Here in the United States, the federal government is concerned about private individuals evading taxes by putting their funds in offshore accounts. Occasionally, the tax evasion tactics of a politician come to light. But apparently in Pakistan, at least half of all lawmakers don't even bother to register with tax authorities, let alone pay any taxes.
The Pakistani government has either conflicting comments or no response at all to the report. It is indicated that the average lawmaker makes roughly $800,000 because of lucrative secondary careers, but often pay nothing more than $100 or so in taxes a year. A discrepancy was found even in the tax files of Prime Minister Nawaz Sharif, although it was far less scandalous: his declared he paid $26,000 while the Federal Board of Revenue indicated he paid only $22,000.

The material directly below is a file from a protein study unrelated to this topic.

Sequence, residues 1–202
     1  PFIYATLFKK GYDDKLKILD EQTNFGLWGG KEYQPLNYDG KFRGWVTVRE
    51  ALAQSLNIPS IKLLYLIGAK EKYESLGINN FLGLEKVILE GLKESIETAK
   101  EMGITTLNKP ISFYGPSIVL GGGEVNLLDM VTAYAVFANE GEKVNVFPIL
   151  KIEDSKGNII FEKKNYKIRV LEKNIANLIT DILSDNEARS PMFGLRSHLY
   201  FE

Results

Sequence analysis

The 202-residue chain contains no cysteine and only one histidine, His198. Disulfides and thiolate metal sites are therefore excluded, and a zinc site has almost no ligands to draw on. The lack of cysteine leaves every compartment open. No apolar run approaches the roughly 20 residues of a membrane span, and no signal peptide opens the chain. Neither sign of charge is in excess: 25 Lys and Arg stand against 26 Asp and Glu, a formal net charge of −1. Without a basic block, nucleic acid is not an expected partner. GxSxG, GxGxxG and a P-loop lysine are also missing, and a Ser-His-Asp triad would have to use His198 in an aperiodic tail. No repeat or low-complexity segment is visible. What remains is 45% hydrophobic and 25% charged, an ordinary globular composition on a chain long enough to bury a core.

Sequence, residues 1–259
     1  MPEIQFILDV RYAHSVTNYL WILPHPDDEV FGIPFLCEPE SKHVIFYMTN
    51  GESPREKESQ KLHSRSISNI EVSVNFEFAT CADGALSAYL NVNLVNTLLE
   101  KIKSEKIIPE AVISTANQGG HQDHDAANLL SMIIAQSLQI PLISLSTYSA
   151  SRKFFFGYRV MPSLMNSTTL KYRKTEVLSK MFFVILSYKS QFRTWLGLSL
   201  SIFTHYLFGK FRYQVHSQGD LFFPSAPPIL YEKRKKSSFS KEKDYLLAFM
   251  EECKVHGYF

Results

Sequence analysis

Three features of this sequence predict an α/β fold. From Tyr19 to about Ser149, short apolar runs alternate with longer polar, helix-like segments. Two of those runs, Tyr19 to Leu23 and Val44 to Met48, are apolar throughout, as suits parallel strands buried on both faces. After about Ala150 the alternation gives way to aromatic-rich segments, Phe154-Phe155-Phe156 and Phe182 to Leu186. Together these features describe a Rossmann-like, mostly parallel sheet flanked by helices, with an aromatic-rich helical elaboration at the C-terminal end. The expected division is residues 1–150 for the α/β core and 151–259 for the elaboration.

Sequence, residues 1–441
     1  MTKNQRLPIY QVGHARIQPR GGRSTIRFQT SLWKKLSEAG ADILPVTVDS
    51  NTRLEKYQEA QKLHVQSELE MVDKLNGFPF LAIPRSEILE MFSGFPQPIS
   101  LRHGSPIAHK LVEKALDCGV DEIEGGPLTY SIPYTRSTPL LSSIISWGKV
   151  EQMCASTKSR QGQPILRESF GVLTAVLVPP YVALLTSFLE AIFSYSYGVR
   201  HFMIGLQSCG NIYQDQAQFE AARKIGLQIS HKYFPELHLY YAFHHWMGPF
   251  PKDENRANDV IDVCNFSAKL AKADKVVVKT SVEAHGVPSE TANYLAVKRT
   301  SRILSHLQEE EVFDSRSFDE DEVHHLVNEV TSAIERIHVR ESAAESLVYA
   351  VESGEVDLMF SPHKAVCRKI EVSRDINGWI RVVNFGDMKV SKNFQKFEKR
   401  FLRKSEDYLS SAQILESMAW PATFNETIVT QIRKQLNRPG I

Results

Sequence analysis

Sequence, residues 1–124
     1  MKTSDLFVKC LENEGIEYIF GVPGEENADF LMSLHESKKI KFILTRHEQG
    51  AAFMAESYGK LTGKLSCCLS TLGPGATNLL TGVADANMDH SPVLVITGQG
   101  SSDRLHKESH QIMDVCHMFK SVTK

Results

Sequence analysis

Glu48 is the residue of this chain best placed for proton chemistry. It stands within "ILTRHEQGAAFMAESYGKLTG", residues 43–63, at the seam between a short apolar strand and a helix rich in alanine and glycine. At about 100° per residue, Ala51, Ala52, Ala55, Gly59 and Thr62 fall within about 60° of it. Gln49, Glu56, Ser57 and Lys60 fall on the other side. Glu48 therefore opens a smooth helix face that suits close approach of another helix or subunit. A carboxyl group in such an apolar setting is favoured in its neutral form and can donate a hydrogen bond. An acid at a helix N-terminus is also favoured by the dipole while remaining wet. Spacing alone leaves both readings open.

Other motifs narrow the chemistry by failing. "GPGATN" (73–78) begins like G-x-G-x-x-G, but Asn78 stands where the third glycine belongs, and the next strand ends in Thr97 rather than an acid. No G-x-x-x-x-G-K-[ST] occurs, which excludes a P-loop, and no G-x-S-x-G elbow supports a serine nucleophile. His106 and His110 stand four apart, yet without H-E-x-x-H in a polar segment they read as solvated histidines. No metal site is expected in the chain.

Public schools and hospitals are starved of revenue and militant groups have taken advantage of this to gain support and traction while also causing instability. The Finance Ministry has indicated that tax revenue collection has increased by a quarter this year, but it nevertheless obviously falls far short of where it should be. Pakistan is a large debtor to the International Monetary Fund (IMF) and many nations, such as Great Britain, are debating reducing their aid to Pakistan unless they begin to ensure that tax collection increases.